The DPT program requires graduates to successfully complete 119 credit hours of coursework to complete the degree. Admission to the program is competitive, and only a limited number of applicants are accepted each year. All applicants must meet the program's prerequisite requirements prior to admission.
Students who are admitted to the program will begin courses in the Summer semester following admission. Applications must be received by October 15 to receive full consideration. Late applications may be considered on a space-available basis.
The program curriculum is at the doctoral-level. Coursework is accordingly complex and the subject matter will require students to master difficult concepts. The program is primarily full-time, but students may be allowed a part-time option for completion.
The curriculum is built on a traditional model and uses a systems-based approach. The first year emphasizes foundational courses, especially the basic sciences of gross anatomy, human physiology, pathology, and kinesiology. Coursework builds from the foundational to more sophisticated concepts, with an applied emphasis.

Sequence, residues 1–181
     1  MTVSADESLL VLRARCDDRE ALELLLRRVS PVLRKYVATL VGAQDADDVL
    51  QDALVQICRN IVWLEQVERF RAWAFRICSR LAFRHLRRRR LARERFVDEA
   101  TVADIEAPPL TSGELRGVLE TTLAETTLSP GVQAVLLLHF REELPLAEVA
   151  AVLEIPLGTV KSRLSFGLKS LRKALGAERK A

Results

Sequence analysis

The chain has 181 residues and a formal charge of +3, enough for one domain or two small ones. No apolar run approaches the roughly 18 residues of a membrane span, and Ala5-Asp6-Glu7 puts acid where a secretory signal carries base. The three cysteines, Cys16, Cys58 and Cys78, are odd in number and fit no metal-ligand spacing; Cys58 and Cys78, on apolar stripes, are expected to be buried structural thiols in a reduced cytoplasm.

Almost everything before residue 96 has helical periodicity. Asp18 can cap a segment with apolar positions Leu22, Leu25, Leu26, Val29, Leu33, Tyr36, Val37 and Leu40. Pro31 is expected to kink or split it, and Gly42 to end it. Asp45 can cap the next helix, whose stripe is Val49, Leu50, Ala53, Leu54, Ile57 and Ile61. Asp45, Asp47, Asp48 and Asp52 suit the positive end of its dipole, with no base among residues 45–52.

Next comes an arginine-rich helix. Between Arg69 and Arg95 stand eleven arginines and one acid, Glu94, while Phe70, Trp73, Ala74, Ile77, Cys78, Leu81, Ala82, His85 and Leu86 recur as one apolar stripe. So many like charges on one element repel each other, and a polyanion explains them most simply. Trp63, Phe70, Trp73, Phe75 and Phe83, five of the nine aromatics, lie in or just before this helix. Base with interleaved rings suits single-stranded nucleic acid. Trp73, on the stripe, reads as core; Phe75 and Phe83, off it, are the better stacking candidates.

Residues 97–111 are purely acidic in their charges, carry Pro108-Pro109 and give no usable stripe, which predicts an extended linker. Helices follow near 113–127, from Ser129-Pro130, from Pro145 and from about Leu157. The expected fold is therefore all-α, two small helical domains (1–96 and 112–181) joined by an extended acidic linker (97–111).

All anatomy lab work is performed on actual cadavers.
One of the strongest features of the program is its clinical internships. Students complete a total of 34 weeks of full-time clinical experiences. The first clinical experience occurs at the end of the first academic year of courses. Another follows at the end of the second academic year. Remaining clinical experiences occur during the last two terms of study. Opportunities for specialty clinical experiences (e.g., women’s health and home health) are available.
Prior to their last two terms, which are full-time clinical experiences, students are evaluated with simulated patients. The Department requires each student to have clinical experiences in an outpatient setting, in an inpatient setting, in an orthopedic setting, and in a neurological setting.